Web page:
A rather obvious one if you're a die-hard Persona 4 fan, but the anime was announced on the same day the in-game story starts, and the character trailers show up the same day said character gets tossed into the Midnight Channel. Here's something interesting I've looked into: the anime (which started around the first week of October) runs for around 25-26 episodes. Now, following the trend of one episode per week, I've calculated that the anime ends around the same time the in-game story ends. Granted, the anime's going to probably be off around 3-5 days at best, but damn... talk about your Book Ends.
In episode 12 of the anime, Shadow Mitsuo's Lotus-Eater Machine seems to come out of absolutely nowhere and hijack the episode until The Reveal at the end. But think about it: Shadow Mitsuo has Evil Touch, an attack capable of causing the Fear status.
In the same spirit, Shadow Naoto's ray turns Yu, Yosuke and Teddie into old people. At the end of the episode, Teddie undoes this by using Energy Shower, referencing the game where Shadow Naoto often causes Exhaustion.
Drunk Adachi in episode 17 of the anime is hilarious. And then, if you know the plot of the game, it occurs to you that he's the one responsible for Naoto ending up in the TV in the first place, in part after the two apparently were in an argument about the case. He's so drunk because he's probably depressed that he didn't succeed in killing her.
How is it that Yu is able to defeat so many foes in the anime all by himself? Because his levels are through the roof: at the end of the show, he's able to summon a level 93 Persona, Lucifer, and use a level 96 skill, Repel Light. He must be going into the TV World to grind when no one's looking...
Hell, he already summoned freakin' Pyro Jack against Shadow Chie and Shadow Yukiko. That's level 32 against level 6 and 13.
This is almost canon. Remember the flashes of terrible things at the very beginning of the anime, with Youske shouting Yu's name? This most likely coincides with the Bad Ending of the game, where if you have no girlfriend, Youske calls you screaming that people are turning into shadows. Therefore, the anime is a New Game Plus taking place after a socially inept Yu threw Namatame into the TV, after spending no time upping his social stats (and therefore having no girlfriend). He starts the anime with a huge level bump, which is why he can summon insanely powerful Personas for the point in the story he's at, and also why his social skills are still inept. Fridge Brilliance indeed.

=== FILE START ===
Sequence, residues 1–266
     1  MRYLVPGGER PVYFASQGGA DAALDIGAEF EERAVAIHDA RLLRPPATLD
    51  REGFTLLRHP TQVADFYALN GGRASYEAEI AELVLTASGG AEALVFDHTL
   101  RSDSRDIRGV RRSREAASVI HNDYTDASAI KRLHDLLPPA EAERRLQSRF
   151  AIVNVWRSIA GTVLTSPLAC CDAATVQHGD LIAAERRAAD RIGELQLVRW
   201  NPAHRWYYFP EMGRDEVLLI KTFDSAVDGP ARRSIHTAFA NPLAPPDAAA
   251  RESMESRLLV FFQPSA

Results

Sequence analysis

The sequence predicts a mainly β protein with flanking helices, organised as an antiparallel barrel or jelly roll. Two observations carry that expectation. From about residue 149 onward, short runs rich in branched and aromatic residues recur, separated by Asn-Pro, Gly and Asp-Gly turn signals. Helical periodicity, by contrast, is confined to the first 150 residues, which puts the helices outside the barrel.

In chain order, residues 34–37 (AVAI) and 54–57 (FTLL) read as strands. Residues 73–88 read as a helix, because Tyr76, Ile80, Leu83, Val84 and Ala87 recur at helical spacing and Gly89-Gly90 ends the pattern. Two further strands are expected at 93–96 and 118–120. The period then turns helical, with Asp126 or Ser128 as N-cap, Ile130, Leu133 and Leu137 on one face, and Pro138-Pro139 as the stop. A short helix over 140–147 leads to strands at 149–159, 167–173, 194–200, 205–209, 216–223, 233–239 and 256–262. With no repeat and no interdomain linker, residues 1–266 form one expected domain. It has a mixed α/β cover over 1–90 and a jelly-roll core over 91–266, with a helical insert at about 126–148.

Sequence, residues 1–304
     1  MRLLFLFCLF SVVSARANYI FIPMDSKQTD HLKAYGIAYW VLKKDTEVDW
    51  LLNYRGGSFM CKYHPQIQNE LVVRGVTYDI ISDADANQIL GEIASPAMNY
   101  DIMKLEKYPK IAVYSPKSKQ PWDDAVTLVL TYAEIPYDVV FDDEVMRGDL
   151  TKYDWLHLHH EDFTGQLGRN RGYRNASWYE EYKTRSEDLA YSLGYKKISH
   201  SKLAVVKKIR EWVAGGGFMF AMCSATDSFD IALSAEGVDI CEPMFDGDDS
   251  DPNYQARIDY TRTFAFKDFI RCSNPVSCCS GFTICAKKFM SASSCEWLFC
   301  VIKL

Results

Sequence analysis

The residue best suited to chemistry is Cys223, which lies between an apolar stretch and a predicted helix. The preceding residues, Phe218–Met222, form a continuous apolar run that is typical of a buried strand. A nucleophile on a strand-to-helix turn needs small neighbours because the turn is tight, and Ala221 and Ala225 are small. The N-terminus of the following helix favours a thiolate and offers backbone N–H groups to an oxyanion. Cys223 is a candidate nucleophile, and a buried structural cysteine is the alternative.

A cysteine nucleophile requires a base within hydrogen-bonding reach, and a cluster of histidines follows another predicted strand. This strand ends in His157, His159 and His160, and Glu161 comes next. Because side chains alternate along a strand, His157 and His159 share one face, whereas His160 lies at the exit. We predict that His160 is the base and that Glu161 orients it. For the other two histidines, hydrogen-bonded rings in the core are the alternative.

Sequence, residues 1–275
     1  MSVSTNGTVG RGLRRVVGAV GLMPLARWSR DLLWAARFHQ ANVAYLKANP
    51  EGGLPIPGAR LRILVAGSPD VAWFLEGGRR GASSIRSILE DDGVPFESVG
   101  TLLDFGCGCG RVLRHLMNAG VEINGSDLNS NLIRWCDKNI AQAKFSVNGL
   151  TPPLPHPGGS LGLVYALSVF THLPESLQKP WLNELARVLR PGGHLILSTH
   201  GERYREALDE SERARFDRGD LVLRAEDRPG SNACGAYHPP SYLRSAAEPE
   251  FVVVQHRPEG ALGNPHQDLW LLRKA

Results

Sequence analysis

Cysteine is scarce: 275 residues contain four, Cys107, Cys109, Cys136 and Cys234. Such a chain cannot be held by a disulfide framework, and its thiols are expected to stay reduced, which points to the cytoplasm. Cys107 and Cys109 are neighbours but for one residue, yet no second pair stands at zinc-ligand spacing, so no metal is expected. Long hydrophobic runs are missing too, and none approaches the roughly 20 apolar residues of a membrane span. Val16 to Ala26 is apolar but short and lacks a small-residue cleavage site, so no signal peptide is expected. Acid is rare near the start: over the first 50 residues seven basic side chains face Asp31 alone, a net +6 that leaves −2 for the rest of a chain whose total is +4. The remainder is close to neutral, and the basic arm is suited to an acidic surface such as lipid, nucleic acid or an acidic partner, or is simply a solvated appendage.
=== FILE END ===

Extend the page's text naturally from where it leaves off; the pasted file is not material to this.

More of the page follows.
In the anime, Yu serves omelets to everyone, and then later reveals that he put wasabi in one of them. When someone asks who got the spicy one and nobody says anything, Yu says "Maybe they didn't notice." Who got the wasabi? Rise, who has a habit of cooking food that is spicy enough to knock out someone.
It literally did not hit me until the other day, but the protagonist's name in the anime (and most adaptations, save the manga) is "Yuu".
In episode 26 of the anime, Yu is confronted by an image of his own Shadow. His shadow reveals that, despite Yu's stoic and snarky demeanor, he is (as proven during the Shadow Mitsuo fight) very dependant on his friends and deadly afraid of losing them, to the point that he'd rather live in Izanami's world of lies if he could be with them. Yu agrees without a second thought. It makes sense since he is the only one from the group that got his Persona from the get go. This means that he was already aware and accepting of his own flaws and insecurities.
That, and he's done this so many times to know the consequences if he were to reject them.
It goes even further than that. Despite being so chill and in control of his emotions, we never hear anything about Yu's personal life. In fact, he seems absolutely remiss to even go back. Why is it his life in Inaba seems to matter so much more than the life he had before? He didn't have one. He was miserable and alone; what the entire cast — and the audience — was led to believe was badass stoicism was desensitization from loneliness. Suddenly, the aspect of forming connections being a core gameplay mechanic become far more personal. Not only that, Yu's probably one of the people who would be most tempted to accept the illusion of the fog, giving his bravery in facing it far more consequence. Damn, one little additive in the adaption really turned things on their head...
Adachi's dungeon being a dark and distorted version of Inaba makes sense considering that one of his main flaws is believing that the real world isn't worth living in. However, it also serves a double meaning. Episode 24 of the anime takes care to point out several different location such as the Amagi Inn and Junes, both in a wrecked state. This doesn't just represent Adachi's reality, it represents what will happen if the Investigation Team doesn't stop him.
One step further, fellow troper: Adachi feels the world isn't worth living in, but why? Because he sees it as twisted and unfair. To this end, he uses the rest of the world as the excuse for everything he does. Now let's see, an exaggerated state of mind used to enforce a truth that the individual responsible for is unwilling to admit, where have we seen this so far...?